___ Reporter Abril Mulato contributed to this item from Mexico City.
CLAIM: Kansas City Chiefs CEO and owner Clark Hunt told NFL players, coaches and staff that they are all “simply paid performers on a stage” and he will “immediately fire” anyone who does not stand, with their hand over their heart, during the playing of the national anthem.
THE FACTS: Hunt did not hold such a meeting, although he has publicly expressed support for Chiefs players standing during the national anthem. Facebook users for years have circulated a false letter that claims to reveal the Kansas City Chiefs owner called a dramatic meeting to tell NFL players they need to stand during the anthem — or face immediate dismissal from the team. The hoax is gaining traction, again, on Facebook before the football season resumes and after NFL Commissioner Roger Goodell apologized last month for the way the league has handled peaceful protests over racial injustice. They included players taking a knee in 2016 during the national anthem — an effort led by former 49ers quarterback Colin Kaepernick. Goodell made the comments this year, the day after Kansas City Chiefs quarterback Patrick Mahomes urged the league to condemn racism. The letter first began circulating on Facebook in 2016, as debate over football players’ decision to kneel during the anthem raged. At the time, Hunt told the Kansas City Star the posts were a hoax. “I have heard about it,” Hunt told the Kansas City Star in 2016. “It was an Internet hoax.” Brad Gee, the director of football communications for the Kansas City Chiefs, also confirmed to The Associated Press that the contents of the viral letter are inaccurate. Hunt has publicly stated in years past that he prefers players to stand during the national anthem but several Chiefs players have sat or taken a knee during the national anthem, without being fired, including star tight end Travis Kelce. In 2017, after President Donald Trump called on NFL owners to fire players who didn’t stand during the national anthem, Hunt responded with a formal statement, saying he believes in “honoring the American flag” but encouraged everyone to “work together to solve these difficult issues.”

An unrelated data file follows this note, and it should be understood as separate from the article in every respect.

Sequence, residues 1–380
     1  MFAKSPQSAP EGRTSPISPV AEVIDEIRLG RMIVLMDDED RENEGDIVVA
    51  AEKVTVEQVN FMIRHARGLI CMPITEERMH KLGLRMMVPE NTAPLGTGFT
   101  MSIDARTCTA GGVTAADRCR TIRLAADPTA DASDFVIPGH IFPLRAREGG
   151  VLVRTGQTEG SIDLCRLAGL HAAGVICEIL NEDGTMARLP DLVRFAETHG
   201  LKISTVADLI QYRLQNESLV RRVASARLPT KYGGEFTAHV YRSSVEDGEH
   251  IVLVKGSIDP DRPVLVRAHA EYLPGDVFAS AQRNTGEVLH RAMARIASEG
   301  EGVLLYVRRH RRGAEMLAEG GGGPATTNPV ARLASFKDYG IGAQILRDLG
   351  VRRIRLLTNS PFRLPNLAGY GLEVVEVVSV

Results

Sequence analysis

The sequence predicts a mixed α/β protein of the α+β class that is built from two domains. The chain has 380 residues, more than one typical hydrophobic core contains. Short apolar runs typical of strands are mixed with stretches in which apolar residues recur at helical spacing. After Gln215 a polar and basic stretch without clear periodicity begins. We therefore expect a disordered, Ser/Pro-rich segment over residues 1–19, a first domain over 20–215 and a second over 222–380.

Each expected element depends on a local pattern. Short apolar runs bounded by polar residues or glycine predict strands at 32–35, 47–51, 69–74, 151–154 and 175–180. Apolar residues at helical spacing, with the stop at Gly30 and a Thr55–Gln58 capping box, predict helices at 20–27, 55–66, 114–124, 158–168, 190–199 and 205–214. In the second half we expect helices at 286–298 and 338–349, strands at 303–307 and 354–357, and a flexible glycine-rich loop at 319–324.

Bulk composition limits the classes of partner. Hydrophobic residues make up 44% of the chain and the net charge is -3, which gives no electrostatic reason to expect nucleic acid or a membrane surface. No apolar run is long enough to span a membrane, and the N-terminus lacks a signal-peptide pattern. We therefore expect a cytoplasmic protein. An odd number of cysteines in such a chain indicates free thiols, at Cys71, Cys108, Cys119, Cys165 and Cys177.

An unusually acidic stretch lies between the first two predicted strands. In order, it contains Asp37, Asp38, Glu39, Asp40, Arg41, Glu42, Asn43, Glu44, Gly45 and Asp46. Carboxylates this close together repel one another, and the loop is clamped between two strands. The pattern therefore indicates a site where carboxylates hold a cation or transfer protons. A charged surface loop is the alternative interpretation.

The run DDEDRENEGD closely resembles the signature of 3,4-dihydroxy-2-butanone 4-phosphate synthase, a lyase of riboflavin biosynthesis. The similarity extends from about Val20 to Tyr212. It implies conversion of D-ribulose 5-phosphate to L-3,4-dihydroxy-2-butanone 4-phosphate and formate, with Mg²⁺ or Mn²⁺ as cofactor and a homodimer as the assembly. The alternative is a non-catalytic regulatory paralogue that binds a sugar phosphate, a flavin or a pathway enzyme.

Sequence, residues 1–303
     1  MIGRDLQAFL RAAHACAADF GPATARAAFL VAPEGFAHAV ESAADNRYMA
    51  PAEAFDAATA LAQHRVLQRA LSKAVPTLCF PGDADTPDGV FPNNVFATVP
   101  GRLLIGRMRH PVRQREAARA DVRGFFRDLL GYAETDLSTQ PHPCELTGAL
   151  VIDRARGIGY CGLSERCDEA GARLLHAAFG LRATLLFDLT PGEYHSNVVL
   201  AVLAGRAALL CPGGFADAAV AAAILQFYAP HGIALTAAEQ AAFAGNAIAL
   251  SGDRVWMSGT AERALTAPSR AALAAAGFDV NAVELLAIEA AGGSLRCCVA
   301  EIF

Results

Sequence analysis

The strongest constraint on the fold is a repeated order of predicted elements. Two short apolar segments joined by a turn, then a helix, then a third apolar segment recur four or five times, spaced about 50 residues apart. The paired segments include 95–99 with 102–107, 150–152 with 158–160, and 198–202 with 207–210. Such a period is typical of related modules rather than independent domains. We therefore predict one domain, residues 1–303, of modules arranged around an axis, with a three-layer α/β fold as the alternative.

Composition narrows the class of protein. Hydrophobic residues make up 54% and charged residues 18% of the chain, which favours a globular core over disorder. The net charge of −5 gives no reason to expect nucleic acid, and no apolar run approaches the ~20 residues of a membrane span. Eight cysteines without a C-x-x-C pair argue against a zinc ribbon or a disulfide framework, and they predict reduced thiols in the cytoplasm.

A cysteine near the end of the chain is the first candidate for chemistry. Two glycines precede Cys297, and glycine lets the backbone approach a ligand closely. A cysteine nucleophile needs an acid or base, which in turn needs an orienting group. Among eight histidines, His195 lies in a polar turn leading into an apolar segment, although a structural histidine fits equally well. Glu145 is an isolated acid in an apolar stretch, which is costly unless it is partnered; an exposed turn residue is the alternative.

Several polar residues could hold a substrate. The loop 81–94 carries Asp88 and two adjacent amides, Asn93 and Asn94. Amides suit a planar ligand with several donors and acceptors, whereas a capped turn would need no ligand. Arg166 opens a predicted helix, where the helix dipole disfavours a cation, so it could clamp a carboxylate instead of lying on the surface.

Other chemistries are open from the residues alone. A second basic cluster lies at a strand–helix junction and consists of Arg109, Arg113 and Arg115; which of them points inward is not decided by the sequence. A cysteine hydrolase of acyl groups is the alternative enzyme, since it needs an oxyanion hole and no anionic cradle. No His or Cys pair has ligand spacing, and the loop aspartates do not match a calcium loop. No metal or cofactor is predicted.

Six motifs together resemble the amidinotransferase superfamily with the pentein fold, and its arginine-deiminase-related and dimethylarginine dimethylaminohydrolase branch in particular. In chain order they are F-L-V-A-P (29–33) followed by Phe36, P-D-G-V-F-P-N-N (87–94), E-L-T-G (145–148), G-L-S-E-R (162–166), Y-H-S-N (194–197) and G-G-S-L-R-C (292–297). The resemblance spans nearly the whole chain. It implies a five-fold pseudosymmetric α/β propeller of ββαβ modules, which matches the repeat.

This is part of The Associated Press’ ongoing effort to fact-check misinformation that is shared widely online, including work with Facebook to identify and reduce the circulation of false stories on the platform.